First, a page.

Our role is to listen to our patients, guide them on their healthcare journey, and educate them on what they can do to help themselves. We can only do this when we are prepared ourselves. Just as we have developed our approaches for examining a patient, starting IVs, talking to families, documentation, and learning new skills, we must develop an approach to end of life conversations.

Of great concern to us, when we are face to face with a patient who has a life limiting diagnosis, is the impact of hope on our patients and their families. We do not want to be the person who takes their hope away, the one who causes them to give up their fight in case there is something we missed, or perhaps this is the patient who will beat the odds. We fear our words will set in motion a self-fulfilling prophecy for the end of a life. Our silence however, does even more damage.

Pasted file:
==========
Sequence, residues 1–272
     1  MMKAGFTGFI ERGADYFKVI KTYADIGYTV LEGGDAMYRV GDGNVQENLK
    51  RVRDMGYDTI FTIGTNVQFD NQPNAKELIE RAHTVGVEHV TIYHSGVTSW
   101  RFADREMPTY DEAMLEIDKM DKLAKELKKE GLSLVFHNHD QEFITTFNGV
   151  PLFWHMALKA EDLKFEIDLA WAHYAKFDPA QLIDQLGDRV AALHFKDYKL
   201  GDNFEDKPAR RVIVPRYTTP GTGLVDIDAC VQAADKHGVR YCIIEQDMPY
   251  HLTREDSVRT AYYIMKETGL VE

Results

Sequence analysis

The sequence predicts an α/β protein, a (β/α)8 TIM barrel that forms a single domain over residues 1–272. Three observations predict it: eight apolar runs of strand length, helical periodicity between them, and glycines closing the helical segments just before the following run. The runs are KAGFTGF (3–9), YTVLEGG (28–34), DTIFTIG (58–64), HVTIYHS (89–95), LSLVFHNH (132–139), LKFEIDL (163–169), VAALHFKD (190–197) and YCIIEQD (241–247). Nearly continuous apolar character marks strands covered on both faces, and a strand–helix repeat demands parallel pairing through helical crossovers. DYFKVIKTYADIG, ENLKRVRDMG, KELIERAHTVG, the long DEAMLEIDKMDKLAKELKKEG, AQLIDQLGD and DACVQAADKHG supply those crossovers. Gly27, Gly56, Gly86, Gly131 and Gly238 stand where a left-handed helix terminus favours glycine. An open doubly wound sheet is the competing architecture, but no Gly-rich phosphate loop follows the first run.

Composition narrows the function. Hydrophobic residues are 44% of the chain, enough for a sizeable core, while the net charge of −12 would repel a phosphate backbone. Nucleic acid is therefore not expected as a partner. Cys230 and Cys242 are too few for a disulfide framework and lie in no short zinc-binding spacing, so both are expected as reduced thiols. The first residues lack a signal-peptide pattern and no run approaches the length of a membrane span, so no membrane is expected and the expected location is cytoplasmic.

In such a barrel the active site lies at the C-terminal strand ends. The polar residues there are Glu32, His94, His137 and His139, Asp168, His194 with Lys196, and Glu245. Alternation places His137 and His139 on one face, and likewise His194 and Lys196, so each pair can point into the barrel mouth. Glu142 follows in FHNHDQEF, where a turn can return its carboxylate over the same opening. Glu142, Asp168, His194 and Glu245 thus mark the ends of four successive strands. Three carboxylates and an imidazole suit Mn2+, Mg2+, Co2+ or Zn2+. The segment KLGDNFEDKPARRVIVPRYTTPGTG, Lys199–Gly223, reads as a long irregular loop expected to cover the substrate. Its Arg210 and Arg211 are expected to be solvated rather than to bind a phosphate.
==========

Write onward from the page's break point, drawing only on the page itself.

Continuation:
“We’ve been wrong about what our job is in medicine. We think our job is to ensure health and survival. But really it is larger than that. It is to enable well-being.”
— Dr. Atul Gawande

We fail our patients when we let our fears get in our way. When we remain silent because we cannot give a predictable timeline for death, avoid a conversation that may include our patient’s religious or spiritual beliefs, or are uncomfortable with our own beliefs around end of life, we fail our patients. We do not give them the choice to make their decisions on what is important to them with limited time. We fail to let them live their life fully to their last moments.